Last week, The Arc issued a statement calling for an end to the systemic racism and discrimination against people of color which, unfortunately, still exists in our country. We were heartened to see many chapters issue their own statements or share the statement we released. However, one chapter leader questioned why The Arc, a disability organization, should be speaking out about race. Perhaps you have encountered that question as well. The answer, in short, is that disability rights and racial equity are inextricably intertwined.
These recent events should lead us to reflect on how racism and discrimination play out in the disability community. Consider these examples:
Labor force participation is lower for Black people with disabilities (17.7%) compared to those who are white (21%)
Black children with disabilities lose more days of instruction from school suspension (121 days/100 students), compared to white students with disabilities (43 days/100 students)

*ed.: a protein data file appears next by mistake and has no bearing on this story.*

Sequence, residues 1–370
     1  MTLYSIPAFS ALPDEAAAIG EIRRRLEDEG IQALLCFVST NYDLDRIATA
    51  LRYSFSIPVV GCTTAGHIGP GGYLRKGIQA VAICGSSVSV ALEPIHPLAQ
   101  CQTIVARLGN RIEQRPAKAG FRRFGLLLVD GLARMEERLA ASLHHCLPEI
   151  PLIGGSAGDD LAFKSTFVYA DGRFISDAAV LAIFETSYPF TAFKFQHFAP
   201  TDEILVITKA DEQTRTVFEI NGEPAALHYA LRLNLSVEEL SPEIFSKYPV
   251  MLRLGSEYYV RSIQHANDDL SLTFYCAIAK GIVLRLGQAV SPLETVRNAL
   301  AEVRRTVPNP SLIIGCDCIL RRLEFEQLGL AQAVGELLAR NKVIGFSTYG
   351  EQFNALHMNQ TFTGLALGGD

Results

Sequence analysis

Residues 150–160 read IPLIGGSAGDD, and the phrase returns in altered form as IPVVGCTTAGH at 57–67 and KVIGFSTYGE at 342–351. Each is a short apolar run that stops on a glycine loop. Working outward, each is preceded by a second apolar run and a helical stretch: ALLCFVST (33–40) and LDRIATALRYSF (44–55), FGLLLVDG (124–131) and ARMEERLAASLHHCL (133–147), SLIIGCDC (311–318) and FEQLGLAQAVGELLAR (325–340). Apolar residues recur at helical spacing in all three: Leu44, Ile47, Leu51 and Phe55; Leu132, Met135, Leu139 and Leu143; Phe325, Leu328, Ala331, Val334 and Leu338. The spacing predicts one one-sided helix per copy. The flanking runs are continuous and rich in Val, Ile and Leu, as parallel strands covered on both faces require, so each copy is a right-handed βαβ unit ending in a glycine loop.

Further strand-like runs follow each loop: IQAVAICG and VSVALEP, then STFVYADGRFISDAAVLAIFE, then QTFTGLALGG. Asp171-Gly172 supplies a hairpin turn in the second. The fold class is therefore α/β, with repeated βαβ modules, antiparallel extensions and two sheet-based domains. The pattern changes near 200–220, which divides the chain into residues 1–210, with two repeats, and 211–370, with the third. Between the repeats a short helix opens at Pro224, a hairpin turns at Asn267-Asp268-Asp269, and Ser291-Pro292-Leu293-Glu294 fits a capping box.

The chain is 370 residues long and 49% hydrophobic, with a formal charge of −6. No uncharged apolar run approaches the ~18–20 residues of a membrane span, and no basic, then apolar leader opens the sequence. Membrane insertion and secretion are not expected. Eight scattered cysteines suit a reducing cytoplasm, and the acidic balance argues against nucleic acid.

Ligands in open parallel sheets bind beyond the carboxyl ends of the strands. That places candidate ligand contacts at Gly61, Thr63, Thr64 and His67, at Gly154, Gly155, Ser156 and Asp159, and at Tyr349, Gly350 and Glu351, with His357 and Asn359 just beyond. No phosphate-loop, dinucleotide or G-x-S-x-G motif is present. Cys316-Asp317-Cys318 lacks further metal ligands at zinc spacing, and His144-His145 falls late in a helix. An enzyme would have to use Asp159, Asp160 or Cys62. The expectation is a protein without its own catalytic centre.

25% of Black students with disabilities never graduate high school, compared to 16% of non-Hispanic white students
The cumulative probability of arrest by age 28 is 55.17 for Black individuals with disabilities, compared to 39.7 for white individuals with disabilities
And these are only a few of the disparities that exist in the disability community. It's time to reflect, as well, on what more we can and should be doing. Standing up in support of people's rights, and against hate and discrimination in its many different forms, is part and parcel of what disability rights is all about. What do you think? Email me at firstname.lastname@example.org.
Need a Break?
Through a grant to the Mississippi Department of Human Services (MDHS), funds were approved to provide respite care vouchers to eligible family caregivers. These vouchers may be used to pay an in-home care agency, an Adult Day Center, or a private individual to provide respite care.